Taste Test

We Tried 4 Brands of Instant Champorado: Alfonso’s, Galinco, Maya, and White King

November 8, 2019

A bowl of champorado is the ultimate comfort food. It’s hot, made out of chocolate, and evokes a certain home-y feeling. The sweet chocolate rice porridge is a Filipino breakfast staple. It’s traditionally made from scratch using malagkit and tablea. But nowadays, people fill their pantries up with instant champorado mix, a convenient option that still uses glutinous rice and some form of cocoa (usually powder). How do the different supermarket brands compare?

Alfonso’s

Alfonso’s Chocolate Champorado is the cheapest at PHP24.85. That said, though, it’s only good for one person. It comes in a convenient ready-to-eat-bowl, but that’s about the only thing we like about it. The malagkit has a peculiar spongy texture; and it reminds us of wet rice krispies. “When it goes down [my throat], it feels like little slugs,” a member of our team commented. The soup was very watery, and the chocolate over-all tasted old—like forgotten-in-the-cupboard-for-a-year type of old.

Galinco

We’ll say that Galinco’s Sarap Pinoy Champorado falls on safe neutral ground. We appreciated that, although it came out watery, the soup was still discernibly chocolate-forward. It actually had the most real chocolate taste. The rice, on the other hand, was soft and tensile. Unremarkable, but not bad.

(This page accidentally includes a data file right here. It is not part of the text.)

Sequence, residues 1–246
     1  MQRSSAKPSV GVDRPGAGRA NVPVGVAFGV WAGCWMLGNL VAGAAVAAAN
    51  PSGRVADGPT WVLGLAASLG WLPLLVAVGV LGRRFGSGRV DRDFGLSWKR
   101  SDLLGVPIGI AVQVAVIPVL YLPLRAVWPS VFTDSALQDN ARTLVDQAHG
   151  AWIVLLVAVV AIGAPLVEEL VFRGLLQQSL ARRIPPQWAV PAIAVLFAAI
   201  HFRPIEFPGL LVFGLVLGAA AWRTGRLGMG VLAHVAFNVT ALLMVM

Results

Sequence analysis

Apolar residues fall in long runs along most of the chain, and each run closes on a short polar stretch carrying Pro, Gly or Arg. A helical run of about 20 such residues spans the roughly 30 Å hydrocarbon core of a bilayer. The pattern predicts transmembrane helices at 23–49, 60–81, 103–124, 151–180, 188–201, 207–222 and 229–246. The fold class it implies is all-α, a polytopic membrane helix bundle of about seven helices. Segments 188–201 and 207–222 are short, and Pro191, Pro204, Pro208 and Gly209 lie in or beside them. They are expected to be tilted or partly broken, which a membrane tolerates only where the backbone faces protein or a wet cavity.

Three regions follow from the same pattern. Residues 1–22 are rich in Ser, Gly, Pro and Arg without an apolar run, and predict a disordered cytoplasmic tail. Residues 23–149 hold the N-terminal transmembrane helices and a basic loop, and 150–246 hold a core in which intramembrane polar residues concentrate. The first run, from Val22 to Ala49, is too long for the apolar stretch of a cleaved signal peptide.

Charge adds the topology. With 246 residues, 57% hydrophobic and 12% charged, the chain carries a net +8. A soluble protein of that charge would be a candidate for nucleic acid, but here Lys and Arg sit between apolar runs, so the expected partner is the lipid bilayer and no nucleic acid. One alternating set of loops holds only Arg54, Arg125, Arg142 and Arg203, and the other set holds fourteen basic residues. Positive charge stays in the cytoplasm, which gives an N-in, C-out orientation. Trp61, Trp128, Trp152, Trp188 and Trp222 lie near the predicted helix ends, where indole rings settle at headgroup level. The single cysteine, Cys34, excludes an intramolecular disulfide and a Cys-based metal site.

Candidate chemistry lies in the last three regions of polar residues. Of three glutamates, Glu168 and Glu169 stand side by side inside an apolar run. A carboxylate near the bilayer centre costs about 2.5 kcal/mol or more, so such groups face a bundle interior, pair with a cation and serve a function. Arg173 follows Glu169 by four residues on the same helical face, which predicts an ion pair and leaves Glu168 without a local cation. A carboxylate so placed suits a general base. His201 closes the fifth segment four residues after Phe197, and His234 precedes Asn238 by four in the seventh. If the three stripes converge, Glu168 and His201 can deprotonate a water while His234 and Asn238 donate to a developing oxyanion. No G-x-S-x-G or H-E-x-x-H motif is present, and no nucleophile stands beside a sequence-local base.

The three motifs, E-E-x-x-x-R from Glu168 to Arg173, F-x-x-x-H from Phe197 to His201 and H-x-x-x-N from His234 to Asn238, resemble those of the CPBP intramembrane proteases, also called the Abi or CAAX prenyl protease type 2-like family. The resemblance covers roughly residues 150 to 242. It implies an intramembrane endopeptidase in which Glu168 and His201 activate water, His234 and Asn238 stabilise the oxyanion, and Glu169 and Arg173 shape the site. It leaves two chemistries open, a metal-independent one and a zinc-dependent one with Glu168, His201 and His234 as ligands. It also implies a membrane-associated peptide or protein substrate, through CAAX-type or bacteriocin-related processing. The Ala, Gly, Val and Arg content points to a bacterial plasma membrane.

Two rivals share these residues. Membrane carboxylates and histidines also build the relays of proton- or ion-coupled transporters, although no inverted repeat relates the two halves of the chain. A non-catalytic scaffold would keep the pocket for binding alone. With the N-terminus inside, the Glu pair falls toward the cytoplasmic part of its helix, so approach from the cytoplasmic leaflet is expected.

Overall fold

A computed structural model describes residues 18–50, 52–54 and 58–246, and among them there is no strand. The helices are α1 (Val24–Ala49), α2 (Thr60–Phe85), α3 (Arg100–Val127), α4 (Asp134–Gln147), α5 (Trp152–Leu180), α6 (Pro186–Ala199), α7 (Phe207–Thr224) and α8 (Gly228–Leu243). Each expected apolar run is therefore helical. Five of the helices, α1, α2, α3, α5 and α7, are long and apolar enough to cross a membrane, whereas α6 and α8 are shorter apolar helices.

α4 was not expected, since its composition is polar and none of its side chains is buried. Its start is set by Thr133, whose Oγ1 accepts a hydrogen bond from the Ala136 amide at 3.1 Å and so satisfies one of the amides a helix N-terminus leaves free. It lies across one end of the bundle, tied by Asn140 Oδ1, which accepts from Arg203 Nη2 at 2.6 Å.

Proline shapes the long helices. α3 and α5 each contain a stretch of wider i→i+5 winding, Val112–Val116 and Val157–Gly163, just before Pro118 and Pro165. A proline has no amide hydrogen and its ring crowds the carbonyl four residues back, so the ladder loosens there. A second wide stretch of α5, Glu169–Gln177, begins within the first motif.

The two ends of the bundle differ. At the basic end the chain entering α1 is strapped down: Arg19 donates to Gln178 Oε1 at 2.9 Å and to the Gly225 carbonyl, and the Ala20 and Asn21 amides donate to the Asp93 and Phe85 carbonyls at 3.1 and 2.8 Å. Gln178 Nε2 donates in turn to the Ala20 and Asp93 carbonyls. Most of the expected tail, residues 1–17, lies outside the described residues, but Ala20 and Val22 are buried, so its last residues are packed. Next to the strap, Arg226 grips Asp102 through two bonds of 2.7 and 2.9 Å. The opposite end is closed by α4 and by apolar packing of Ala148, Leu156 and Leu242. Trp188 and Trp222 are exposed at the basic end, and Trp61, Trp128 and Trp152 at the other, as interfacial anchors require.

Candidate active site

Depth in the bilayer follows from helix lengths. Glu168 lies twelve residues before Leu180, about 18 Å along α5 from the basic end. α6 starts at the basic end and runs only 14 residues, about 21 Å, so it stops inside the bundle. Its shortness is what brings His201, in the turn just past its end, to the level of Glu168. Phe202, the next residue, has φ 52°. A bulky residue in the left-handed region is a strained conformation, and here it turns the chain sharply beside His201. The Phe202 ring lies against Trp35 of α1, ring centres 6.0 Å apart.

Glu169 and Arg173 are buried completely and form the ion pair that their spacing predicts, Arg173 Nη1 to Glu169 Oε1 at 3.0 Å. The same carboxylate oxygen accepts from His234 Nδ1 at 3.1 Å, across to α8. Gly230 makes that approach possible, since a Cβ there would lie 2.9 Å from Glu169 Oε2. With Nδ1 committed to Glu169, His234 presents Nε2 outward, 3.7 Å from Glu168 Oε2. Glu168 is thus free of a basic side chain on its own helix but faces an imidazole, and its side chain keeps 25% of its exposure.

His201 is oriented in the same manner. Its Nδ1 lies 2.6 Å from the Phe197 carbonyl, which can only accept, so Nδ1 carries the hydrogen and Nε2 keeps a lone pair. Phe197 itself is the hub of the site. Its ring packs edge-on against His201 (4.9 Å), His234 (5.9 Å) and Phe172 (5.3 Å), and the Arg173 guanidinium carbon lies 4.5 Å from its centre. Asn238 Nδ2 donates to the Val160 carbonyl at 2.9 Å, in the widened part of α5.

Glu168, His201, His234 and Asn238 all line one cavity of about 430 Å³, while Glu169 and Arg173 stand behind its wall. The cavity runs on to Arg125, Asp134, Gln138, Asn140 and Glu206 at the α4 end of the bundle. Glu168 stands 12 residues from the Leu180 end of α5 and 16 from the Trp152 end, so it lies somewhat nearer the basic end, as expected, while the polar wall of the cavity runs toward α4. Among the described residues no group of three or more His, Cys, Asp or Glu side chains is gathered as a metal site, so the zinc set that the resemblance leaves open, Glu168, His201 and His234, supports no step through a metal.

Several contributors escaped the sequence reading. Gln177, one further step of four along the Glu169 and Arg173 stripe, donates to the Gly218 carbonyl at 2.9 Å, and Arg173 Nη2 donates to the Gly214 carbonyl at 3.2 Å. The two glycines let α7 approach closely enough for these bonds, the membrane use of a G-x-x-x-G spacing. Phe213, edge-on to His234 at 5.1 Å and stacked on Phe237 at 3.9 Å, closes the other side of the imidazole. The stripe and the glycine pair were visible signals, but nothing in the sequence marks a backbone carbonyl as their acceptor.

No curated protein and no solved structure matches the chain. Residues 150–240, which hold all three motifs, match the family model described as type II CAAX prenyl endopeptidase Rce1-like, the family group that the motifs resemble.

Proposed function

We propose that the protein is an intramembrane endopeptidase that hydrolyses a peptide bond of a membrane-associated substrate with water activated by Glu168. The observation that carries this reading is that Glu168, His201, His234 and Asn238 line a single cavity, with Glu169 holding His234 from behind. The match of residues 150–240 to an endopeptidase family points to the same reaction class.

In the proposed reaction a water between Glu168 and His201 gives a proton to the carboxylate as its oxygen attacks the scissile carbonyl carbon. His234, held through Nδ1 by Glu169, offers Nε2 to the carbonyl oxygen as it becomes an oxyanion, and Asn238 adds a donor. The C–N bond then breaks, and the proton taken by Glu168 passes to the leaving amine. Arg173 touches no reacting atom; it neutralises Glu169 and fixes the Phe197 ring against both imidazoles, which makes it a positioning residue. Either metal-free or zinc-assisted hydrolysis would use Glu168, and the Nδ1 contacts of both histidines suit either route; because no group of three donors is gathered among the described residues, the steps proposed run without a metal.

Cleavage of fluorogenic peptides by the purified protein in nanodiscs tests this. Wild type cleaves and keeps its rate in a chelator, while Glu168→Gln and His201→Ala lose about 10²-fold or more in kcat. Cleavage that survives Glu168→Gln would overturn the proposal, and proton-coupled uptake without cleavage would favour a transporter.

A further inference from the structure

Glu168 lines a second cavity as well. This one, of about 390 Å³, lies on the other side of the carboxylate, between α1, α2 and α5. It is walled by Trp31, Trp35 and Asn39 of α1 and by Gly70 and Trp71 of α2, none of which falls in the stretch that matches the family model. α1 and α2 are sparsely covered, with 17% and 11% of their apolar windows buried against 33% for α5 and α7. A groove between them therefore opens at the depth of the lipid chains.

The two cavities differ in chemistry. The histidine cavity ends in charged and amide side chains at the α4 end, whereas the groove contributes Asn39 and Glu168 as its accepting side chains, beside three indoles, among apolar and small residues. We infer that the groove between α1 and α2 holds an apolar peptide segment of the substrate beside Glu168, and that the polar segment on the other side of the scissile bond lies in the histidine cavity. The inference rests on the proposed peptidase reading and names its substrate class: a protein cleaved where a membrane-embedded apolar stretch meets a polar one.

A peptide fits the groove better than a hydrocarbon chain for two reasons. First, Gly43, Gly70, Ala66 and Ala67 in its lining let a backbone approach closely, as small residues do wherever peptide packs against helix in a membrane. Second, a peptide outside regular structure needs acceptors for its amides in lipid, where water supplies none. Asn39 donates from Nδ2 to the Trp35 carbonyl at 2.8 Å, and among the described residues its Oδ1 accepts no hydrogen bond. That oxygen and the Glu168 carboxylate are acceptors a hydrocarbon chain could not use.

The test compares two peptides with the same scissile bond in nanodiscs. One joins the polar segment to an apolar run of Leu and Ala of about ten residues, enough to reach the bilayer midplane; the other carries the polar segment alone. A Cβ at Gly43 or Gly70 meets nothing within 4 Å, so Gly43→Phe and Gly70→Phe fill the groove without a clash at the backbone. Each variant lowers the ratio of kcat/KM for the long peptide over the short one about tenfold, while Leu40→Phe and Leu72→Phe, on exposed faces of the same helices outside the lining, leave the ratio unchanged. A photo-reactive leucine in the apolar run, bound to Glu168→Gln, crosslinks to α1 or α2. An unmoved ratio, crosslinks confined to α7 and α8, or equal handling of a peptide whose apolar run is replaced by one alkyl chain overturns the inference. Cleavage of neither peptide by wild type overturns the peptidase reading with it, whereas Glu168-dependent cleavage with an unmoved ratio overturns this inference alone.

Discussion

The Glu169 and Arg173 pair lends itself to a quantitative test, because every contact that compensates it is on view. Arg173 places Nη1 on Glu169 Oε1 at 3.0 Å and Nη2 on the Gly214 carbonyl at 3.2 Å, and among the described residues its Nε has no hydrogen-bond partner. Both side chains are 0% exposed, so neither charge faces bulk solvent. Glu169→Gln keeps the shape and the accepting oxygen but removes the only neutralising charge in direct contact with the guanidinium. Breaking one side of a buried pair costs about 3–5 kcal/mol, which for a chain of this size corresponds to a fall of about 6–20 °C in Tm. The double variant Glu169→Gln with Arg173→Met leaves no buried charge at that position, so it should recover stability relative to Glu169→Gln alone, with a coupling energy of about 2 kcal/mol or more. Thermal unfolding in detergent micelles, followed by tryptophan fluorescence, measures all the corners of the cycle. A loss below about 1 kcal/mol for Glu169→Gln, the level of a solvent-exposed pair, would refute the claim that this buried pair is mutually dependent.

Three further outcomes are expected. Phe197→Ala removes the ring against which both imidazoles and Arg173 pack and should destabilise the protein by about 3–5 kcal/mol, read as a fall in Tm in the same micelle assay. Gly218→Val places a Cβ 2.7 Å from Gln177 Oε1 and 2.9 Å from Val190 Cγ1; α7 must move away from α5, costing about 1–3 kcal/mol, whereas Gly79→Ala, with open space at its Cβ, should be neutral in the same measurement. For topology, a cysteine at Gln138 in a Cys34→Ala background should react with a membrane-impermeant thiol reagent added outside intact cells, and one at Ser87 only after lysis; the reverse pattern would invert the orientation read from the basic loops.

Maya

Maya’s Champorado is another budget-friendly option at PHP27.35. It claims to make five bowls, but after cooking, it reduced drastically to just one serving. However, it did turn out to be the most appealing of the bunch, being the thickest in texture. The rice was fluffy, and the chocolate was rich but had a salty element to it. “It tastes like you poured Goya chocolate in it,” says a member of the team.

White King

White King is the most expensive of the lot at almost PHP30 for five bowls. It was very liquid-y out of the pot, but thickened to a great consistency after a few minutes. It had a better chocolate flavor than Maya, but it didn’t meld well together with the malagkit. One member of the team remarks that it’s not champorado. “It’s more like rice and chocolate that were [cooked separately,] then just put together.”

The Verdict: Maya

Maya’s thick, chocolate-y, and slightly salty champorado makes it the one we’d choose to eat on rainy mornings. So too bad it doesn’t live up to the promise of five bowls—although, we’re not opposed to getting a box each.

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